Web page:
Health Language Blog

Empowering the Patient: Big Data and the Rise of DIY Healthcare

Posted on 05/06/13


A tsunami of big data, and the evolving methods of making all that data meaningful and useful, has huge potential for changing the way we deliver and consume healthcare services.

Last week I was privileged to participate in a very interesting webinar on big data and DIY health that included participants from Target and Quickcheck Health:  here’s a link:

This got me thinking about big data (an important buzz word recently), healthcare in general, and the role of Health Language and medical terminology management in DIY healthcare interoperability.

What is big data?  It’s the huge volume of structured and unstructured data, from a variety of sources, that are generated and aggregated continuously and with accelerating velocity.  Big data in healthcare is the mountain of information contained in millions of healthcare insurance claims submitted each month, plus the data in the charts and electronic health records in doctors’ offices, plus the data in labs, hospitals, clinics, and patients’ own charts and EHRs.

The implications of big data and its effective use for evidence-based medicine are well-known, but less-discussed is the impact of big data on the potential for expansion of the Do It Yourself (DIY) healthcare market.

DIY home healthcare has been around since the invention of the fever thermometer and the bathroom scale and the home pregnancy test many decades ago, but electronic methods of gathering, assessing, and distributing data are making sophisticated DIY healthcare testing equipment and methods commonplace—the consumer can buy strep throat test kits on Amazon, for example. Armed with better information about her kids’ symptoms, a mother can make better choices about bringing the kids to an urgent care clinic, to her primary physician’s office, or to the hospital emergency room—and may be able to avoid an incorrect, costly, and time-consuming healthcare choice.

In an online world, consumers will increasingly demand access to empowering DIY healthcare solutions and information, and will increasingly produce their own healthcare data. If I perform a cholesterol test at home, rather than with a $200 visit to my primary care physician’s office, how can I add that DIY information to my own EHR, and make it a part of my own record?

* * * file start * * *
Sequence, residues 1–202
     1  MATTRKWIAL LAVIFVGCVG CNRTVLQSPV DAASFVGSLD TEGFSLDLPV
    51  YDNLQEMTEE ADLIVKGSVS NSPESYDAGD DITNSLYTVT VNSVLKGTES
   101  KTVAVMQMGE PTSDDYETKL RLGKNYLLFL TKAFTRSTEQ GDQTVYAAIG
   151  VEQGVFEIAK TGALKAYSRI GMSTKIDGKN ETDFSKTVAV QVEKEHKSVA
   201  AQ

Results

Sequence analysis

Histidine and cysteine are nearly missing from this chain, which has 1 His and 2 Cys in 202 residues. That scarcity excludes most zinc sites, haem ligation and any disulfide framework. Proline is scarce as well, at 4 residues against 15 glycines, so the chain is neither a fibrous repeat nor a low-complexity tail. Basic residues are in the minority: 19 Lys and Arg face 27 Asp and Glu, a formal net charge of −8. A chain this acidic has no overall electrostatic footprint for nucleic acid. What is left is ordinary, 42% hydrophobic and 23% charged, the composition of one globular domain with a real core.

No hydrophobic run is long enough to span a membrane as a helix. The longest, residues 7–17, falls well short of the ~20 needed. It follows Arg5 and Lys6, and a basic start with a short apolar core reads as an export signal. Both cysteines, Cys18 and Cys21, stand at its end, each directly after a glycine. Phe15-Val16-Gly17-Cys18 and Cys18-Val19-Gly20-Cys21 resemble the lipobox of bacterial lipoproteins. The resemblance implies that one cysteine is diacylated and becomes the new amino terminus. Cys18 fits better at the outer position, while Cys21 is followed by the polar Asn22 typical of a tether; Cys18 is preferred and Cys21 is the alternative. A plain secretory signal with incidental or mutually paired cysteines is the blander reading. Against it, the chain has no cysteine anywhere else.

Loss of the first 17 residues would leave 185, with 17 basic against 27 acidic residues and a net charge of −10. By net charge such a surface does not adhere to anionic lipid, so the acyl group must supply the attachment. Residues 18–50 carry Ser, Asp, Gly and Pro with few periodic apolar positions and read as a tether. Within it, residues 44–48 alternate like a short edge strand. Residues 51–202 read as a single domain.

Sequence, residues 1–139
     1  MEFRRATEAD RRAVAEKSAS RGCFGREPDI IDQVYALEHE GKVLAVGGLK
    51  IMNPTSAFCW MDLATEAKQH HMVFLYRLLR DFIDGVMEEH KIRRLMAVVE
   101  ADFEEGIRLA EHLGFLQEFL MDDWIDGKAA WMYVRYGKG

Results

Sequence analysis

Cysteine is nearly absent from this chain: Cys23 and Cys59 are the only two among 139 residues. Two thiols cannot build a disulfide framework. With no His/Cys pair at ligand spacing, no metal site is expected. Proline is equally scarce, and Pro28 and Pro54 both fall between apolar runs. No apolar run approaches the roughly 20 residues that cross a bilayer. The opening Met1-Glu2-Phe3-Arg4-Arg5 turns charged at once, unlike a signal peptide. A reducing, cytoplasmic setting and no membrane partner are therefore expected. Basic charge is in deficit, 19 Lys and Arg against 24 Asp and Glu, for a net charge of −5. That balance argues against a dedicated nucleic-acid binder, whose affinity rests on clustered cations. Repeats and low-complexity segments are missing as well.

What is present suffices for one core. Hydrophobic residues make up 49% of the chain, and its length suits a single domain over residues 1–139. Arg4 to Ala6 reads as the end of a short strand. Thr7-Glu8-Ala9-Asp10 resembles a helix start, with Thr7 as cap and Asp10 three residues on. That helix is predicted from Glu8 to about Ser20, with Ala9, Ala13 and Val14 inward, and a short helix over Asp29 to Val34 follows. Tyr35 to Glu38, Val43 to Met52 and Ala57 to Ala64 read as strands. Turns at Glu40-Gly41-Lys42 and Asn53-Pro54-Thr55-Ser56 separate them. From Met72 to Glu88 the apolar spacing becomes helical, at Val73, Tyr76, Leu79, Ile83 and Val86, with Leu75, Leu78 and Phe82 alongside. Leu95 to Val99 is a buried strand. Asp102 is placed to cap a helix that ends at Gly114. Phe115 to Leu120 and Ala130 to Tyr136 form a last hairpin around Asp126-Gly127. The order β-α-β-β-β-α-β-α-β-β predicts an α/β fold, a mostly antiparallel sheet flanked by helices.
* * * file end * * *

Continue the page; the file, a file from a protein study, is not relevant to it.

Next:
This is where Health Language (HLI) can play a key role. As in so many areas of healthcare delivery and management, standardization of information is key. Healthcare information in a silo is useless; with effective interoperability information from all parts of a patient’s healthcare landscape—primary care office, lab, hospital, clinic, pharmacy, and DIY at home—can be aggregated for access by the patient and her doctors anytime and anywhere.

DIY health is about collecting data in a cost-effective and convenient way—Health Language is about standardizing the data and making it usable across the healthcare landscape:

  • With HLI terminology management, unstructured DIY data can be normalized to conform with emerging ICD-10, Meaningful Use, and interoperability requirements.
  • HLI provides specialized content such as Provider Friendly Terminology (PFT) and Consumer Friendly Terminology (CFT), to help make clinical terms accessible to the lay person.
  • With standardized information, communication between the clinical EHR and the DIY patient is two-way: structured patient data can be uploaded to the EHR, and EHR data can become more easily accessible to the empowered patient for informed decision-making.

In this way DIY healthcare data becomes a part of big data, and can be stored in the data warehouse for distribution and use, in a way that is invisible to the consumer. The empowered patient knows only that the data is current, accurate, and available—and can make informed, cost-effective decisions about his or her own healthcare.

data normalization


Topics: ICD-10, medical terminology management, Healthcare interoperability

About the Author

Dr. Brian Levy, MD is Vice President and Chief Medical Officer with Health Language, part of Wolters Kluwer Health. He holds an MD and BS from the University of Michigan. Go Blue!